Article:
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Eco-Running: leaving the route better than you found it.

Posted By Beth Terry On August 7, 2007 @ 11:41 pm In biodegradable bags,Environmental,Litter,sports, athletics, camping supplies | 12 Comments

26-year old Samuel Huber [1] started what he calls “eco-running” as a way to help the world while out doing his favorite thing, running. On his eco-runs, he carries a few small garbage bags and picks up litter all along the route. Recently, he has made the switch to biodegradable, compostable BioBags [2]. Check out his web site and mention of BioBags and this blog, Fake Plastic Fish, at http://eco-runner.blogspot.com [3]. I want to not only commend him for his efforts but join in the eco-running movement he’s trying to start.

So, this morning, BioBag in hand and latex gloved, I did a 30-minute eco-run towards Berkeley and back. My bag was full within the first 12 minutes, and I found I needed to stop picking up big things and concentrate on the items that, if washed down a storm drain, could end up inside the bellies of marine animals: bottle caps, small toys, a comb, a pacifier, plastic bags, even a rubber glove.

Stopping to pick up garbage slowed me down a bit (my average pace was 11:20/mile) and actually got me out of competition mode, the mode I tend to be in while recording my stats with the Nike+ iPod. You know, I’ll bet running would be a lot more fun if I gave up the Nike+. But I don’t know. The accountant in me wants all numbers all the time! (What, you couldn’t tell that from my weekly plastic tally?) Chi Running’s Danny Dreyer [4] recommends leaving the watch at home. Maybe I’ll try it once a week on my eco-runs.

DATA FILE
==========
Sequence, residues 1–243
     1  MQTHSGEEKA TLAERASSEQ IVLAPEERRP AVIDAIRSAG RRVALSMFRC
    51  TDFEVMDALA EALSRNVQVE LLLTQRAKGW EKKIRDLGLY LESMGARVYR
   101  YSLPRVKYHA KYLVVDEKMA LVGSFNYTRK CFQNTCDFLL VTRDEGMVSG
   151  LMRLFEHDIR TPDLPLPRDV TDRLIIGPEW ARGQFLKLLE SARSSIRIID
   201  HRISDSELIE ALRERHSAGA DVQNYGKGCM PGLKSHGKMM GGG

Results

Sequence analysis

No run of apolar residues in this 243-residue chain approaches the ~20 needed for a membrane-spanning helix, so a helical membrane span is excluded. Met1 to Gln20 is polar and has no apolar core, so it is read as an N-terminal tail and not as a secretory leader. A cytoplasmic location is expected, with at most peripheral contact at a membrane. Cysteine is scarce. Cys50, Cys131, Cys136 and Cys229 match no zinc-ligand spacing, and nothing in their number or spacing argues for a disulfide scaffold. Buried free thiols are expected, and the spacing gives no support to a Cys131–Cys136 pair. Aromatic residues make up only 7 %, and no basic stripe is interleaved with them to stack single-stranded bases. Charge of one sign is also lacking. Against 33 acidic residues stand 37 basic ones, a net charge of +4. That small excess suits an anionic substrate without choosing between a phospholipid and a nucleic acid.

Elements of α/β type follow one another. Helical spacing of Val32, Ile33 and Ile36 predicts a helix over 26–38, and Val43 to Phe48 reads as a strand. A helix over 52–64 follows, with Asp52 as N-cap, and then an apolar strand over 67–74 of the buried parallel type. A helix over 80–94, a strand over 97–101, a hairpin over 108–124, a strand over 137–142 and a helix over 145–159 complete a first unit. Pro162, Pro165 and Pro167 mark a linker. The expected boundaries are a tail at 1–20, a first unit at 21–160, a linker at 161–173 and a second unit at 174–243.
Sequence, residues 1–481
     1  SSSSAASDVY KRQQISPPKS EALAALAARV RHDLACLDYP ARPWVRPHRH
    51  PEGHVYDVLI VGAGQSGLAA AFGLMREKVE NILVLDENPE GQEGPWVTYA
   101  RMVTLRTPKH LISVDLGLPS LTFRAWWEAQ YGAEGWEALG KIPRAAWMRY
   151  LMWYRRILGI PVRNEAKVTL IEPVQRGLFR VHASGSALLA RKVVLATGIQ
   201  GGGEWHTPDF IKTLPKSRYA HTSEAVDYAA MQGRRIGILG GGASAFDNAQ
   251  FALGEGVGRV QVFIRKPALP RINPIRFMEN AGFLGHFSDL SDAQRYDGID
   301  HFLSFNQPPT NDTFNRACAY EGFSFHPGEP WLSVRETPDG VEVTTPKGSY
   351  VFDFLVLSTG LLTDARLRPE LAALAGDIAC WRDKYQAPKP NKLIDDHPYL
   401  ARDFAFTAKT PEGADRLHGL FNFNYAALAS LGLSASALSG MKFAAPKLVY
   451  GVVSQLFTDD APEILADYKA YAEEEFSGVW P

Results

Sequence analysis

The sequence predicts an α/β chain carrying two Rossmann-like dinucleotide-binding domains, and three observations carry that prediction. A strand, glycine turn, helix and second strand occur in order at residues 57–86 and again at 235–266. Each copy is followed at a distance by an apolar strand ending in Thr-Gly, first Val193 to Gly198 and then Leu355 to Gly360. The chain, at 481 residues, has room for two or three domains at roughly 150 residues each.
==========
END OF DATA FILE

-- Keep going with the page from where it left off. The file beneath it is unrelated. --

And yes, if you’re wondering, it was a little weird passing people as I ran carrying a garbage bag and wearing a latex glove. But at this point in life, I’m pretty much over caring about how I seem to other people. (Actually, I think I stopped caring by the end of high school, but that’s a story for another day and another blog.)

Speaking of latex gloves, does anyone know whether modern latex gloves are made from natural rubber or some kind of petroleum-based synthetic? According to this web site [5], they are made from rubber. But are all of them? (Here’s a cool video about how latex is made [6].)

So, what to do with all the trash I collected? My plan is to retrieve the hard plastic bottle caps and other pieces of plastic, wash them off, and add them to my collection. I have this idea that I’ll use them in some kind of weird art creature thing some day. Then, any recyclable items will go in their proper recycling bins, and I’ll tie up the bag around the rest and put it in the garbage can. I may be saving 100% of my own plastic waste, but I’m not about to start hording other people’s.


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URL to article: http://myplasticfreelife.com/2007/08/eco-running-leaving-route-better-then/

URLs in this post:

[1] Samuel Huber: http://www.blogger.com/profile/15859071032923813796

[2] BioBags: http://www.biobagusa.com

[3] http://eco-runner.blogspot.com: http://eco-runner.blogspot.com/2007/08/perfect-combo-eco-running-biobags.html

[4] Chi Running’s Danny Dreyer: http://www.chirunning.com

[5] this web site: http://ansell.eu/medical/index.cfm?page=manu_princ&lang=EN

[6] cool video about how latex is made: http://ansell.eu/medical/downloads/video/Ansell_Rubber_Latex_Prep.wmv

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